The Determinants of Community Health course provides medical students at the University of Toronto the opportunity to observe how various agencies promote health and meet the needs of their target population. A fellow student and I were assigned two days with the Community Care Access Centre, an agency dedicated to helping patients live independently at home or transition to a long-term care home. It was to be a straightforward client visit: Arrive at 2 pm, ask the questions outlined on page 101 of the guide, and return to the medical academy by 5 pm. What we did not expect is how the client's caregiver would turn this visit into an opportunity to passionately advocate for change in senior care by sharing some shocking experiences. This piece reflects on that encounter while raising questions around consent, resource allocation, and the predicament that we'll face in reconciling the two.

Her message at our meeting could not have been better told,
and twice she stated bluntly: "Treat me nicely when I'm old."
She was a middle-aged woman caring for her ailing mom
in a distant rural region, seemingly quiet and calm.
Yet a storm raging within ...continue reading

author photo smallRyan Meili is a family physician at the West Side Community Clinic in Saskatoon, Head of the Division of Social Accountability at the University of Saskatchewan, founder of Upstream: Institute for a Healthy Society, and a health policy expert with EvidenceNetwork.ca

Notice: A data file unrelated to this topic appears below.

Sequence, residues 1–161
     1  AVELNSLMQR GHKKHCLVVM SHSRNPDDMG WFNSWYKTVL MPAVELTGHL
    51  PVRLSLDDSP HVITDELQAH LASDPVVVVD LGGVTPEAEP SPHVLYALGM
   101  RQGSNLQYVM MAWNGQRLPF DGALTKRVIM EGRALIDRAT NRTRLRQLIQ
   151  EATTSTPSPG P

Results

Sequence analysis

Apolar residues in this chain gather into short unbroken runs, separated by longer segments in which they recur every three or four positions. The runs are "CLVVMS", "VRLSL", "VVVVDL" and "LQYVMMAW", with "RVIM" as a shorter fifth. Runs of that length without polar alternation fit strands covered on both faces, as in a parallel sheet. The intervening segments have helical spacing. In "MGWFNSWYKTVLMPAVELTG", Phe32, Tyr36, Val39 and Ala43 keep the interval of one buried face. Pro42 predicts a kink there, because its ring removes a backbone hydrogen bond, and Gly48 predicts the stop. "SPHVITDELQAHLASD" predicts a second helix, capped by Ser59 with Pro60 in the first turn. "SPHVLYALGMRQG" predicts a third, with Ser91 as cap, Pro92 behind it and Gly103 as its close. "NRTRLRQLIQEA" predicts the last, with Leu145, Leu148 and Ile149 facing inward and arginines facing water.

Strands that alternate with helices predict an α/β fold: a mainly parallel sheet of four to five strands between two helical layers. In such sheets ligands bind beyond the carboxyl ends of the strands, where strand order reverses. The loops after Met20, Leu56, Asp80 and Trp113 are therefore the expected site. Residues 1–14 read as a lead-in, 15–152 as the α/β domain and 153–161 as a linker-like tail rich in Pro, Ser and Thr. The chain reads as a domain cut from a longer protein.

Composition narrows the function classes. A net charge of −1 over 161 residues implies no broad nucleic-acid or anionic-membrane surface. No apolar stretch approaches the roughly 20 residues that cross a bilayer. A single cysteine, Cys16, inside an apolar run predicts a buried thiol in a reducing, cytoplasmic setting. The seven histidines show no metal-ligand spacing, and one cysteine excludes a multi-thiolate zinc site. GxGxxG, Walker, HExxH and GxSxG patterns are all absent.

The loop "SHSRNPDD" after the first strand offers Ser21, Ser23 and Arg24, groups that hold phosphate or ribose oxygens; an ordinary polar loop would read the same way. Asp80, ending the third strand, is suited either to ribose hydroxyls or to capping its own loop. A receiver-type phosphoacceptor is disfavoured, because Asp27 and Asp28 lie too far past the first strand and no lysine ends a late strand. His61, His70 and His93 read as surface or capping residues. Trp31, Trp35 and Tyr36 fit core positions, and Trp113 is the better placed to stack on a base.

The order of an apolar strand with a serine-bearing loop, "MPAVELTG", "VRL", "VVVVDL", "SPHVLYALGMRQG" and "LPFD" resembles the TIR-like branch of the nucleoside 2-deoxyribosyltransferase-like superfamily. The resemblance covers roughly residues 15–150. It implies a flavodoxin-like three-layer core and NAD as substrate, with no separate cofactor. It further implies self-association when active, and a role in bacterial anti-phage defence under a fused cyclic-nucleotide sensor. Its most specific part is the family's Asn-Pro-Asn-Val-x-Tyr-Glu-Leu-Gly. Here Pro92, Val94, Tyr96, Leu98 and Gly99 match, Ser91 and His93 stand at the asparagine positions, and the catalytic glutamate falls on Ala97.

Editor’s note: This post has been published previously as a blog on both Huffington Post and Upstream 

In March I attended the Global Symposium on the Role of Physicians and National Medical Associations in Addressing Health Equity and the Social Determinants of Health held in London, England. The meeting was organized by the Canadian, British and World Medical Associations and had, among other goals, an agenda to assist public health pioneer Sir Michael Marmot in making such issues central to his upcoming role as president of the World Medical Association.

I sat down with Sir Michael to explore the stories, the evidence and the politics that come into play when doctors are actors for social change. ...continue reading

Patrick_Kirsten_headshotCrop4Kirsten Patrick is Deputy Editor at CMAJ

 

Today, World Bank HQ hosted a round table discussion on plans for ‘Ebola Recovery’ in West Africa. Heads of state of Guinea, Liberia and Sierra Leone, the three countries that still have cases of Ebola, were present and outlined their recovery plans to finance and development ministers and international partners. The event aimed to “build global support for the three Ebola-affected countries to get to and sustain zero cases, jumpstart recovery and build more resilient health systems and economies.” World Bank Group President Jim Yong Kim announced that the WB Group would be donating $650 million towards the Ebola Recovery effort; he also noted that a ‘Catastrophe, Containment and Relief’ trust fund has been set up to co-ordinate funds from other donors (fundraising continues).

Now that Ebola cases are declining, the epidemic seems to have been well-contained and the world’s media are no longer very interested in Ebola, why is so much money being pledged anew to the cause? The answer ...continue reading